Interesting point Larson
I have a high end commercial IP telephony product in Zultys. Asterisk is a bit of an enigma. It is good for the 5 to 10 user site as you say, yet it can easily handle hundreds of users and multiple sites.
I do actually clone my Asterisk configs. I learnt Asterisk with AMP, but soon realised I needed to move away from AMP to get the flexibility Asterisk offers.
With regards to support, I sell it and that is my business. Because I don’t buy anything from Digium (except G.729 licences) I understand that I can’t expect free support from them, like with Zultys, who rely on me to sell their product and accordingly support me.
Asterisk is typical of the major open source projects. It is powerful, yet incomplete. It is supported by peers and in that respect well supported for basic questions, but when it gets to touch problems, the help is harder to find. I can’t really complain, because I don’t spend much time trying to help others with their problems, although I do a bit from time to time.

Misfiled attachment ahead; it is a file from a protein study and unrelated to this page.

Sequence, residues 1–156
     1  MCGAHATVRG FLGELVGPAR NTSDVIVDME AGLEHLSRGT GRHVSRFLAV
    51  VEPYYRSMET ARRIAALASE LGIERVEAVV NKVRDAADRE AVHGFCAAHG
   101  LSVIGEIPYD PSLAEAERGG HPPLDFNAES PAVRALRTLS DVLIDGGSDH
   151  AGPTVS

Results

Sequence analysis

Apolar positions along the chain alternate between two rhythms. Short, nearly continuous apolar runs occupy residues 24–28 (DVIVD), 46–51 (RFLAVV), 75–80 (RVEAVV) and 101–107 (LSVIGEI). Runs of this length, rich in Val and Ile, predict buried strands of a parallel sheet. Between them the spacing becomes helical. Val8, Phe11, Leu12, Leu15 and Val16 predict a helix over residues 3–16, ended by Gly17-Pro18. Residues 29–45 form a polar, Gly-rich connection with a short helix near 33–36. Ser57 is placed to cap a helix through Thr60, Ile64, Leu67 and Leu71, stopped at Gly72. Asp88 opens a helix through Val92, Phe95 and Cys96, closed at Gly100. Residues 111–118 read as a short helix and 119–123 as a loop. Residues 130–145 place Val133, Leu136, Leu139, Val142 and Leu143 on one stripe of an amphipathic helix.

I will eventually crack my specific problem, which is a basic codec related issue and not a fancy extra requirement. When I do, I will support my own sites mainly with my own knowledge base. Most ongoing support will relate to my hardware, like the Cisco gateways and I can get support through Smartnet.
On the comment from SteveC5000. I must tell you that your comments here are off topic to this thread and that your ramblings show your lack of understanding of how VOIP and likely how IP works. I don’t wish to flame you, but you have mentioned on a few posts that VOIP should not use UDP and allude that all users who work with UDP are somehow backward.
The fact is that voice is approximated when it is converted to data. It does not need to be perfectly sampled and compressed. UDP is perfect for carrying this type of data. If a packet should arrive out of order, the listener would likely never know. If a packet is lost the same applies. UDP is a very low overhead protocol that is perfect for carrying voice packets. In conjunction with clever mechanisms higher up the OSI stack, like jitter buffers, the quality of voice relayed via UDP is very good. The fact is that the voice has to make it from party A to party B in a couple of hundred milliseconds MAX! All the state information and packet reassembly in the world cannot make the data get there any quicker.
That is why UDP is used.